Injury in Sport

Jun 19, 2018

Overuse Injuries in Youth Sport

Regina Bossart

 

As Summer is upon us, sports such as soccer, baseball, and track are in full swing. Along with these sports, come many injuries in our growing youth athletes. Injuries such as sprained ankles, cuts, bruises, and broken bones are all too common. This post will not focus on these immediate injuries, but on the overuse injuries that creep up over time and impact the health and performance of our growing athletes. Some young athletes may have persistent pain with activity for months, and simply blame growing pains or muscle soreness, when an overuse injury is the culprit.

 

Overuse injuries happen when the training load exceeds adequate recovery time, causing damage to bone, muscle, ligament, or tendon. 2 Training stresses the body causing it to adapt and develop, but adequate recovery is necessary for the body to repair, recover, and withstand injury. Youth athletes who are growing and developing are especially susceptible to overuse injuries because their bones are much less resilient.  As the bones grow, the muscles also have to catch up in strength and length. There is a lag period between bone and muscle growth, where the athlete is inflexible and weaker, making them more susceptible to injury.

 

I have had numerous experiences with coaching, including soccer, badminton, and basketball. Most of my athletes were involved in multiple sports, jumping from one to the next, with little to no rest in between. Sprained ankles, sore muscles, and taped knees were all too common.

More and more kids are choosing to participate in competitive sports. With greater emphasis placed on performance and perfection, more kids are training at higher intensities and frequencies. Often, kids will participate in multiple, overlapping sports, thus further increasing the frequency of activity. Many parents and coaches are expecting consistent effort and performance from the athletes, with the ideals of winning, post-secondary teams, and scholarships in mind. Playing through the pain has become a culturally expected norm, despite its potential repercussions to the athlete’s future performance. This high intensity and frequency of training does not allow the growing body to recover and ward off injury.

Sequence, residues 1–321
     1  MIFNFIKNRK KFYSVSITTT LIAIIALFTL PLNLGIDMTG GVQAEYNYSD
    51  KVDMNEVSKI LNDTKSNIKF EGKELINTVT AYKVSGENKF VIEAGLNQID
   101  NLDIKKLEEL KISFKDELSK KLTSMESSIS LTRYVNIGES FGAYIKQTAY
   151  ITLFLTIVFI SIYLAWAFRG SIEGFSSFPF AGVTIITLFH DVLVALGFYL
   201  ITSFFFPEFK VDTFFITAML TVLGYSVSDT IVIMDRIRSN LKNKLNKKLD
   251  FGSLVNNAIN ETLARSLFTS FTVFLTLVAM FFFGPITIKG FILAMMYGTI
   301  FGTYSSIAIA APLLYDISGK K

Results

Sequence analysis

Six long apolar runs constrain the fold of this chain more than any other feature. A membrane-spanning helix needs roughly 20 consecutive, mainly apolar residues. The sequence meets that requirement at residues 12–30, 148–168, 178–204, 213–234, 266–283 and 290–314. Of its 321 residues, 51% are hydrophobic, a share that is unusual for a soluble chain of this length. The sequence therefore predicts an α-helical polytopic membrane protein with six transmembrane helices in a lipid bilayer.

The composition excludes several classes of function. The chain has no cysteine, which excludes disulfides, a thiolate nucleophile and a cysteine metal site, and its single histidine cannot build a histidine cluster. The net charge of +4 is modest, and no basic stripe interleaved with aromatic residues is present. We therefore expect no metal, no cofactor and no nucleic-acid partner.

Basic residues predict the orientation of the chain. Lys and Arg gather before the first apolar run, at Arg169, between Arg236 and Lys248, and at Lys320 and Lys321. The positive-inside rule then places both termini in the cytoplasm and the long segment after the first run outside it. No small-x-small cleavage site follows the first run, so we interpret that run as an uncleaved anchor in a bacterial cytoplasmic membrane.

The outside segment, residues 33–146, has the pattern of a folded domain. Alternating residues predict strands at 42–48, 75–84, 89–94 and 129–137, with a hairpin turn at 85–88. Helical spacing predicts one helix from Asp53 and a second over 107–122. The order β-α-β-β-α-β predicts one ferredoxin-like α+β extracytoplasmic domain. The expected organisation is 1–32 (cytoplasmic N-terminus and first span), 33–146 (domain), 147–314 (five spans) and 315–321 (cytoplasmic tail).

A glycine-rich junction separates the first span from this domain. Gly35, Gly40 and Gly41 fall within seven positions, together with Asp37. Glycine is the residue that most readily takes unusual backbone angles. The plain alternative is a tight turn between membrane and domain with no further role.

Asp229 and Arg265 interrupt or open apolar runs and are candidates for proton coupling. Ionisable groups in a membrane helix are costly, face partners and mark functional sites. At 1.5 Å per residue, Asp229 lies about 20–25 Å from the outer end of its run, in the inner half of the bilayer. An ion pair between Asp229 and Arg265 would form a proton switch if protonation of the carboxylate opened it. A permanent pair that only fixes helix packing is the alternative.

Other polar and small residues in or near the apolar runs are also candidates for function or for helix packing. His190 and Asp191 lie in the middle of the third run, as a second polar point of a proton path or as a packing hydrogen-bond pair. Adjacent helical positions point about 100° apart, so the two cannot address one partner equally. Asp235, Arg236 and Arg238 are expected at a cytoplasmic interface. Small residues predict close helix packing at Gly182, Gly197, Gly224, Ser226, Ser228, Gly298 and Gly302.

Some common overuse injuries include osgood-schlatters disease, runner’s knee, and shin splints. These conditions commonly present with a gradual onset of pain, which is most often provoked with repetitive sport activity.3 Physiotherapy plays a large role in prevention and treatment of these conditions. By assessing and addressing muscle length and strength issues, as well as improper alignment, most of these conditions can be easily treated.

 

Osgood-schlatters

This condition occurs when the femur grows faster than the quad muscle, causing tension over the top of the shin where the patellar (knee cap) ligament inserts into.3 Kids often complain of a painful bump under their knee, which is made worse by activities such as kneeling, running, squatting, and jumping. Risk factors for Osgood-schlatters include a recent growth spurt and inflexibility in the quads and hamstrings.3

 

Treatment

  • In the acute stage, activity modification and limitation for a short time will allow for some pain relief and recovery.
  • Stretching of the hamstrings and quads will ease some of the tension and pain.
  • Strengthening of the weak muscles around the knee.
  • Applying a Patellar tendon strap or rock taping the knee may allow for some pain relief.4

 

Runner’s knee

This is the most common running related injury in our youth population. It is characterised by generalized pain in the front of the knee that gets worse with activities such as running, jumping, stairs, or squats. [1] It is a condition where the front of the knee is overloaded due to muscle imbalances, growth spurts, or improper alignment. [2] Risk factors include sport specialization, changing running surfaces, abrupt increases in training, and muscle imbalances. 5

 

Treatment

  • In the acute stage, the athlete should refrain from activities such as jumping, squatting, and kneeling. Runners should decrease their running duration as well.